Southeast Lawrence is in transition.
The Farmland fertilizer plant that sits at the eastern edge of the city closed a few years back - and while the future of the property remains in limbo, it's clear the plant and the land surrounding it constitute one of the next great frontiers in the city's growth.
A 54-acre patch of open land along the south side of Kansas Highway 10, at the eastern edge of Lawrence, is slated for construction now that it has been purchased by Lawrence developers Doug Compton and Bill Newsome. The owners, operating as Eastside Acquisitions LLC, intend to set aside 35 lots for new homes, 54 lots for new duplexes and 18 acres for a mixed-use development that includes: 55 townhomes and 200 apartments.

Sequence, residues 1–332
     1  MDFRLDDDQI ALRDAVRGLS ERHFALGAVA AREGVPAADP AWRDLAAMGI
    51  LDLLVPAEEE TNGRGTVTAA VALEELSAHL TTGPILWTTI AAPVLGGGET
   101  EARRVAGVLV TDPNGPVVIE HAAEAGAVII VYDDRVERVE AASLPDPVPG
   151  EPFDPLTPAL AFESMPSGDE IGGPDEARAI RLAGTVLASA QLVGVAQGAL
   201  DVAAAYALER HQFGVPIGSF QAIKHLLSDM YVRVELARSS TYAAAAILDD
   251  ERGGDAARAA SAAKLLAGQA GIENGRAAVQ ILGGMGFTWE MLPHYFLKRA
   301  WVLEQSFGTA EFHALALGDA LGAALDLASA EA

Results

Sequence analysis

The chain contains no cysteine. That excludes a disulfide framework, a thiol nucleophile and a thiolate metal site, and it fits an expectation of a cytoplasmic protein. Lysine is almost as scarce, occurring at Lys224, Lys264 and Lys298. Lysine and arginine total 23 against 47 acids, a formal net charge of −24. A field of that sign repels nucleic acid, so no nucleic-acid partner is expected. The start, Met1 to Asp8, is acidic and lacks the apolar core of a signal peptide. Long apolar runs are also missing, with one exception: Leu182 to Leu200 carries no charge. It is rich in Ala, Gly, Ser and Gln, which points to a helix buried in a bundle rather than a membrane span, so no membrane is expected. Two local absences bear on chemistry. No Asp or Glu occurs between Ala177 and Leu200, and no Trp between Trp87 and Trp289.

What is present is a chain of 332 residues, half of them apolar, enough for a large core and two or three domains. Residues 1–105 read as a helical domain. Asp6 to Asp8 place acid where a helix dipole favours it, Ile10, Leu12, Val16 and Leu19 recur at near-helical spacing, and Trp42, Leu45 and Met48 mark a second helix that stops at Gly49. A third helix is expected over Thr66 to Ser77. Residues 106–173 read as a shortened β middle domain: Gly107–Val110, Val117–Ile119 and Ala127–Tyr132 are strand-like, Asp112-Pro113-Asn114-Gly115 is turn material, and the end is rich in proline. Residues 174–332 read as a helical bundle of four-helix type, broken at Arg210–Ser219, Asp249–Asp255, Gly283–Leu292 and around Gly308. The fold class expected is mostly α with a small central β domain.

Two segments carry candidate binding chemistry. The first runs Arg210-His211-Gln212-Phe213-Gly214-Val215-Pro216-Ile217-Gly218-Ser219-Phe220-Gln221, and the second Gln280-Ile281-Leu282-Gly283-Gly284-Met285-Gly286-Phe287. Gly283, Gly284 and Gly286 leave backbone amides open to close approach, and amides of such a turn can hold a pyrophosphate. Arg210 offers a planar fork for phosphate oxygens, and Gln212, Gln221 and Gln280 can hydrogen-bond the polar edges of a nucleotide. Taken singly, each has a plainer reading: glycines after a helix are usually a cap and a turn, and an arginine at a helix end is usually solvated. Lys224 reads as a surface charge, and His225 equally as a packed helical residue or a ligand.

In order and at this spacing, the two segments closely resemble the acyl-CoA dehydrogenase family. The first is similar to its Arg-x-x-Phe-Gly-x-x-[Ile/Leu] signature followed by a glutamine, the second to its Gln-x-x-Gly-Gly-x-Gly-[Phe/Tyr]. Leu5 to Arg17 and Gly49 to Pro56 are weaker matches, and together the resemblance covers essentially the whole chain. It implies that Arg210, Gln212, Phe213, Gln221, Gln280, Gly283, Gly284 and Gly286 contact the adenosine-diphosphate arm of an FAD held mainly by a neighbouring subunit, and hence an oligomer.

"We feel there's a significant amount of pent-up demand," Newsome said when the project was announced a year ago.
There's plenty of places to exercise and relax in southeast Lawrence, including the East Lawrence Center on 15th Street, and the Prairie Park Nature Center down in farthest southeast corner of town.
This part of town is also home to Haskell Indian Nations University, a federal Bureau of Indian Affairs college open to members from all the nation's recognized American Indian tribes.
The area is also home to the flurry of residential growth that happened in Lawrence right after World War II. In the western edge, closest to KU campus, about half the homes were built before 1952. To the south and east, however, a higher proportion of residences were buillt in the 1950s through the 1970s.
Throughout southeast Lawrence, there's generally a two-to-one ratio of homeowners to home renters, according to U.S. Census Bureau Records.